Recent cool weather has dropped the level of rivers and streams around southwest Montana, but that’s not going to last long, according to a hydrologist with the National Weather Service in Great Falls.
The floods of 2011 haven’t really made much of an impact to Madison County, but it’s still early, said Gina Loss during a weekly web briefing with county, state and municipal officials from around southwestern and central Montana.
All over eastern Montana, floodwaters have damaged homes, property and crops and caused thousands of evacuations.
The outlook is still grim as the mountains all over Montana still hold on to their copious amounts of winter snow. As of Tuesday the snowpack in every river basin in the state, except one, exceed 200 percent of average, Loss said.
In mountains around southwest Montana, the mountain snowpack actually grew over the past few days as snowstorms brought more than a foot to some high-country locations.
“The snow is just not coming out of those mountains,” she said.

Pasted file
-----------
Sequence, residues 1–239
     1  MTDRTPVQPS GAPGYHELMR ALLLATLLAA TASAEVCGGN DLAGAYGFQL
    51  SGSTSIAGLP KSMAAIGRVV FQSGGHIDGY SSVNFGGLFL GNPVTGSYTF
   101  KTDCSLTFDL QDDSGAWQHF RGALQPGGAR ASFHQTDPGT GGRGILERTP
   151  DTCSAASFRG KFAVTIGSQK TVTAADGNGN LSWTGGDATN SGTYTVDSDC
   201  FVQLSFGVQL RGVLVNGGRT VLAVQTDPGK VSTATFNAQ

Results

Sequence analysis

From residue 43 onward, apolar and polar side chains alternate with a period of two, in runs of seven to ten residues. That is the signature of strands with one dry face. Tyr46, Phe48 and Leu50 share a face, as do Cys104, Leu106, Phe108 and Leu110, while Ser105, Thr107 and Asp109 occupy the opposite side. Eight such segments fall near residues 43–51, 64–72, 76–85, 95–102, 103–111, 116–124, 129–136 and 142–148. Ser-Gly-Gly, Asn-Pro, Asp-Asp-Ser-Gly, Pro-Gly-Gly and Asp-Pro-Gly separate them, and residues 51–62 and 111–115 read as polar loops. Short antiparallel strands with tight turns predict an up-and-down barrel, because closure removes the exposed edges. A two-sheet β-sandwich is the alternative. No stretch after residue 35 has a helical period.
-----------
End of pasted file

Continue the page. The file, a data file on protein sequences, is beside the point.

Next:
In the Madison River Basin the snowpack is 210 percent of normal and the Jefferson River Basin is 220 percent of normal. In some high-country locations there’s still nearly four-feet of moisture trapped within the snowpack. So though it seems like we’re moving toward summer, from a runoff standpoint spring has hardly started, Loss said.
The outlook for area rivers is that they will continue to remain high from the rain storms and snowmelt through the next week, she said.
“We do have a few storms that will go through over the next few days,” Loss said.
However, she doesn’t expect temperatures to warm enough to really accelerate runoff. The two-week outlook is for cooler than normal temperatures and wet conditions.
The Big Hole River near Melrose did hit flood stage last Thursday for about a 24-hour period. In recent days the river has dropped substantially, but that should change.
“We do expect that one to start turning in the next few days and start to rise and it looks like it could reach a moderate flood stage,” she said.
Officials are predicting the lower Big Hole will hit flood stage again Wednesday or Thursday. The Jefferson River near Twin Bridges could get close to flood stage during that time frame as well.